Automakers have reasons to be concerned these days.
They’ve seen the popularity of sedans wither to the point that several of them have dropped the models from their lineup. Tariff threats have caused them to rethink how to ship products across borders. Attempts to enter emerging markets have been challenged by local market forces.
If all this weren’t enough, surveys indicate many young adults would just as soon use a ride-sharing service or live in an urban area that obviates the need for personal transportation.
From Loans to Leasing: A Brief History
For most of the 20th century, consumers who wanted a new automobile had only one way to obtain one: by purchasing it, either outright for cash, or by obtaining a bank loan (paid back with interest, of course).
As the private automobile was the second-most expensive consumer purchase after a home, most drivers couldn’t afford to walk into a dealership and plunk down the full purchase price, so loans were the order of the day.
Eventually the car makers themselves, sensing another profit opportunity, got into the auto loan business. Offering loans enabled them to make money on the car and the financing of it.
In the 1980s, a new sales concept emerged: leasing. Instead of ownership, the leasing model was akin to renting.
The lessee (driver) would put some money down and a monthly lease payment would be calculated based on annual mileage and depreciation. At the end of the lease, the lessee had the choice of either buying the car for a fixed price (its residual value) or returning it with no further obligation.
The gist of leasing is that the monthly payment represents only the portion of the vehicle’s value (the depreciation) that occurs while the driver possesses the car.
Leasing grew in popularity. For the consumers, monthly lease payments were lower than what they would typically pay each month for a car loan, meaning that drivers could afford more expensive cars.
For the car makers, leasing made their cars more attractive and helped increase sales, as long as they could manage the fleet of used off-lease cars. On the other hand, manufacturers also recognized that those turning in their cars when their lease was up had to drive something else, and many lessees just leased another new car. The consumer in turn got a new car and a new warranty about every three years. We saw this cycle continue for many years.
New Generation Makes Mark on Car Ownership
So, what’s going on now?
The current young generation who have just gotten or are about to get their driver’s licenses often don’t feel the same way about driving and car ownership as their parents and grandparents did.
Some blame the smartphone (“I’d rather be connected than be mobile”). Others look at the realities of stagnant wages, crowded urban areas and environmental concerns. Globally, the automobile manufacturers, while enjoying healthy sales short-term, are looking down the road with these factors in mind and wondering just who is going to buy their products in the long-term.
Several car companies are now piloting what are called subscription services, which may be inspired by ride-sharing services and all-in-one smartphone plans. These services move beyond purchasing and leasing to create a new kind of payment plan for owning a vehicle.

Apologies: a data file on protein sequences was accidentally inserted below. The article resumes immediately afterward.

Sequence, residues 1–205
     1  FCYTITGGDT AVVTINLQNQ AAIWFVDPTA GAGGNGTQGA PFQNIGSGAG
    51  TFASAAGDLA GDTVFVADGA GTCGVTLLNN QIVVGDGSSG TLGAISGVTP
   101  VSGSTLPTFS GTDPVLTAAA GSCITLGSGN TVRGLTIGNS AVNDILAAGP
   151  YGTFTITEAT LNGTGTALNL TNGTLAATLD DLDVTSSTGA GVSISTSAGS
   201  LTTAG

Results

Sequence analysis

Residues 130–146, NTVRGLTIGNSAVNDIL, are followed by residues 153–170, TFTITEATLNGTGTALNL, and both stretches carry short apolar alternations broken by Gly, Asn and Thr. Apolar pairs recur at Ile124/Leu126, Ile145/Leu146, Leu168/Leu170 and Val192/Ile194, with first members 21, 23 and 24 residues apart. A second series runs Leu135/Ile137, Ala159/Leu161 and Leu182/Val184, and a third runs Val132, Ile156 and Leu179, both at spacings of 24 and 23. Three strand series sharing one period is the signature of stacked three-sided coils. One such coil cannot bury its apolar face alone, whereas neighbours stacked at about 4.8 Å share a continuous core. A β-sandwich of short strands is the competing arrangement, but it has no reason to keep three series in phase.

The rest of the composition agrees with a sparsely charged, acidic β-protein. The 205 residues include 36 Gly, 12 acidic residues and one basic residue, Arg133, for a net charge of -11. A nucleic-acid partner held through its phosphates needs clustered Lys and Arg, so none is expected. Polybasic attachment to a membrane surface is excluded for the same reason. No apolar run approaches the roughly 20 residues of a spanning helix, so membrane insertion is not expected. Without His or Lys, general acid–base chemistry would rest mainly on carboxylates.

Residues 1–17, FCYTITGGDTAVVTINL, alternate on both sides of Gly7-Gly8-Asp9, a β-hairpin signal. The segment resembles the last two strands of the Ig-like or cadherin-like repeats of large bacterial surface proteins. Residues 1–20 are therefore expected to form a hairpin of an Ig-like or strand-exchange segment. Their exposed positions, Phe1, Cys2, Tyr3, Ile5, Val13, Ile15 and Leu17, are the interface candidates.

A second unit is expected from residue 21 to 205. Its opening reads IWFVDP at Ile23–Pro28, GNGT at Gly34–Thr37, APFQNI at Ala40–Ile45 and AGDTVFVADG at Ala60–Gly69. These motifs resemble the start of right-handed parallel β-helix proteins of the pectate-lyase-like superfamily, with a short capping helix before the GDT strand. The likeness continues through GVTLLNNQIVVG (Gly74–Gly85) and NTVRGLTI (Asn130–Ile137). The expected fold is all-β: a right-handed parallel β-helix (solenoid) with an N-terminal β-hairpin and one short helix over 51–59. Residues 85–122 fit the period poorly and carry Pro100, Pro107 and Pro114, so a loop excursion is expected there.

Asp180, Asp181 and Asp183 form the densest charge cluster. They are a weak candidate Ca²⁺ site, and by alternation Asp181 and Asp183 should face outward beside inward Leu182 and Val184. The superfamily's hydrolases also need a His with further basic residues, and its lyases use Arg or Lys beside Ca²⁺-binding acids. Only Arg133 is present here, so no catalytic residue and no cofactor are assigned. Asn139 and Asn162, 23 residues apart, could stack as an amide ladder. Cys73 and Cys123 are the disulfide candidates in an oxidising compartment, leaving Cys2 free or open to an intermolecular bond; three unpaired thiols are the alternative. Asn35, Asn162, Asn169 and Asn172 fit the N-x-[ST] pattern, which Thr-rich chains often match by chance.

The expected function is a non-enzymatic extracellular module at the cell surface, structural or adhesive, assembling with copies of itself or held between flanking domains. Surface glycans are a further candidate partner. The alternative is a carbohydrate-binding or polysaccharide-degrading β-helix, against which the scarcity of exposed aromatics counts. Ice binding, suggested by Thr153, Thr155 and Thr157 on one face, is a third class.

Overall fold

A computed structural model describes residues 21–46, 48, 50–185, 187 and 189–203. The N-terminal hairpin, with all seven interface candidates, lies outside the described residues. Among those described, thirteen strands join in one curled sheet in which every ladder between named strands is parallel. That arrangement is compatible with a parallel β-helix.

On the surface, subscription services look like restructured leases. The driver doesn’t own the vehicle, but instead makes a monthly payment. With these plans, the vehicle is covered by the manufacturers’ warranty and maintenance, repairs and even insurance are included.
The Pros and Cons of Subscribing to Cars
When it comes to subscription models versus leases, there are two key differences. First, there is no multi-year “contract” with a subscription plan.
Instead, after the initial 30-day period, the driver can cancel the subscription at any time. Second, with some advance notice, the driver can arrange for a different model car from the same manufacturer to be delivered and “swapped” for their current ride. Of course, subscription service details vary among car manufacturers. (We’ll look at those individual programs in my next column.)
Unique advantages like vehicle swaps and perks such as included insurance come with a price, of course. The monthly subscription fee is significantly higher than a traditional lease.
At present, we’re seeing it range from $650 to $3,000, depending on make and included benefits. Now, before you conclude this whole idea is hogwash, keep in mind the current programs have been launched only by the higher-end brands, and the majority of these offerings are run as pilot programs to test the waters. (Wards Industry Voices contributor Richard Reina, left)
As part of the pilot nature, the geographic locations are limited to a handful of major metropolises. Like with any new innovation, the long-term intent seems to be for automakers to fine-tune the details during the pilot phase and iron out the bugs so that the next wave of subscription services can trickle down to mainstream makes and models.
(One of the first brands to start a subscription service, Cadillac, says it is suspending the $1,800 a month BOOK by Cadillac at the end of the year.)
You might be asking, what makes these offers attractive to anyone, presuming one can afford $1,000, to $3,000 per month?
For one thing, model trades mean you could hypothetically drive a sedan for commuting, a convertible on sunny weekends and an SUV when the in-laws come to visit.
The insurance inclusion could be worth a bundle, especially if you live in an urban area or have younger drivers in the house causing you to pay sky-high premiums. Finally, for indecisive types, the month-to-month nature of the program lets you “try out” a manufacturer’s model lineup before signing up for a longer commitment.
Richard Reina is product training director for CARiD.com, an online automotive aftermarket marketplace.